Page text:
Interesting comments from John Hussman, who remains very sceptical of the rally:
The S&P 500 is currently priced to deliver total returns averaging about 6.1% annually over the coming decade, even assuming that the future trajectory of S&P 500 earnings continues to obey the long-term peak-to-peak growth channel that has characterised earnings for most of the past century. Notably, that 6.1% annual projected return was equaled at the market peaks of the 1960’s, early 1970’s and at the 1987 peak. Lower prospective 10-year returns were only observed during the late 1990’s, which have been followed, not surprisingly, by 10-year returns lower than 6.1% annually. When stocks are overvalued, one does not get to have his cake and eat it too, without getting indigestion later.
We generally present valuations from the standpoint of earnings, applying a wide range of historically consistent terminal P/E multiples to mid-channel earnings 10 years hence, projected using the very well behaved historical growth channel for S&P 500 earnings across economic cycles. Of course, we can also analyse valuations from the standpoint of the discounted cash flows that are likely to be delivered to investors over time. These include our variant of the Barsky-DeLong model (presented in Don’t Discount Discounted Dividends, and the realised payout model that I presented in The S&P 500 as a Stream of Payments.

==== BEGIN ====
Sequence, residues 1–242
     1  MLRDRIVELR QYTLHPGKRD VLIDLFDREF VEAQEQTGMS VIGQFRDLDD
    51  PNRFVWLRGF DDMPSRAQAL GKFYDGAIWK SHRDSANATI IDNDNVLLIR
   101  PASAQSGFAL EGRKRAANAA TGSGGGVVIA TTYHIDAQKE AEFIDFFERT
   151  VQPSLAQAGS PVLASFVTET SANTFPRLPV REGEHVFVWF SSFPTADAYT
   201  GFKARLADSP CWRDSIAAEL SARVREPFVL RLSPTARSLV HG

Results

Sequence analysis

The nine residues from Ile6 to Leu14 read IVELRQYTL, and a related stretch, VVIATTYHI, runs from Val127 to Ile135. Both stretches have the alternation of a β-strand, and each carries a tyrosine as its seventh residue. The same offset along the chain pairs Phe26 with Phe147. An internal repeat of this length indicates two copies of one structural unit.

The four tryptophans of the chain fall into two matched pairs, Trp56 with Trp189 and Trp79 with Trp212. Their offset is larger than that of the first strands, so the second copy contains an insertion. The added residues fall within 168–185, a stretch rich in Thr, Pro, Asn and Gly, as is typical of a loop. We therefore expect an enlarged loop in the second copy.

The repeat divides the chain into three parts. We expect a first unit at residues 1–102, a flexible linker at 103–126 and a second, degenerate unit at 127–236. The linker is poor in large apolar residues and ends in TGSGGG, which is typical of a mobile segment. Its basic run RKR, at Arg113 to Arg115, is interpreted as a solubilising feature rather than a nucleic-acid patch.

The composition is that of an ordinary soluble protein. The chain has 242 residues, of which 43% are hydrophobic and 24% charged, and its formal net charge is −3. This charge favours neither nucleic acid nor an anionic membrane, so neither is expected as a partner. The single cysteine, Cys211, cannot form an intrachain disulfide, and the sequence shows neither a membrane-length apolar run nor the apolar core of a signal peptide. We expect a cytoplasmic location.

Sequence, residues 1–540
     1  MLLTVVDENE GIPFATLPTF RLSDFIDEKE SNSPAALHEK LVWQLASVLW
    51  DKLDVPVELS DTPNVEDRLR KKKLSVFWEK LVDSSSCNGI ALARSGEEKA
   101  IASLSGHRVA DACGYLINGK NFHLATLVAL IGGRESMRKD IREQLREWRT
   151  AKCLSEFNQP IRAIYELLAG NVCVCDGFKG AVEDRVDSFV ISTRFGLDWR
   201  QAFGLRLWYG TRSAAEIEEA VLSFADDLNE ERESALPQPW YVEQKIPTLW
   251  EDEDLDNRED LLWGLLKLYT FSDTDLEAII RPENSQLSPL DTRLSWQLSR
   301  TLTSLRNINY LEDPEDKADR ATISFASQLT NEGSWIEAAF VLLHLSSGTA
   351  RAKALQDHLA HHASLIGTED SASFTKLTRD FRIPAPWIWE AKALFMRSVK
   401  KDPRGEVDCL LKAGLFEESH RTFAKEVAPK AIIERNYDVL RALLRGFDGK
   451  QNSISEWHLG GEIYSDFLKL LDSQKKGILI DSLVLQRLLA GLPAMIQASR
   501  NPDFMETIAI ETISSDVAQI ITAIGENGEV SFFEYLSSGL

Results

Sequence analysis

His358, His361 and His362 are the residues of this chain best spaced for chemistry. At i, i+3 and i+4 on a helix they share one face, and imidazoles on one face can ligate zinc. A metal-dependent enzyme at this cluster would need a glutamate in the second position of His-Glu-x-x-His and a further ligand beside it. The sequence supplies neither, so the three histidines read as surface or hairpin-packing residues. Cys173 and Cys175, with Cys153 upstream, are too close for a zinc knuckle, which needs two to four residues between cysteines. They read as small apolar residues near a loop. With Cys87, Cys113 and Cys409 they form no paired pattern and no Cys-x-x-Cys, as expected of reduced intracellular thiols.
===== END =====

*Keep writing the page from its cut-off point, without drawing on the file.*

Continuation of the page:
The following charts update where valuations stand from a discounted payout perspective.
The Barsky-DeLong model is the most charitable and optimistic. That approach assumes that stocks have gradually become less risky as the economy has developed, and therefore deserve higher valuations over time. Thus, although stocks were priced to deliver a real, after-inflation return of 7% annually early in the century, the Barsky-DeLong model would currently be happy with long-term real returns of just 4.2% annually. Of course, lower required returns imply higher equilibrium valuations. On the basis of that 4.2% annual real return target, the appropriate index level for the S&P 500 would currently be about 810. Again, this is the most charitable model. The red line below tracks the actual S&P 500 index. The blue line is our version of Barsky-DeLong. Given that current index levels are well above those implied by the model, the conclusion is not that stocks must decline immediately, but rather, that long-term total returns for the S&P 500 are likely to be less than 4.2% after inflation.
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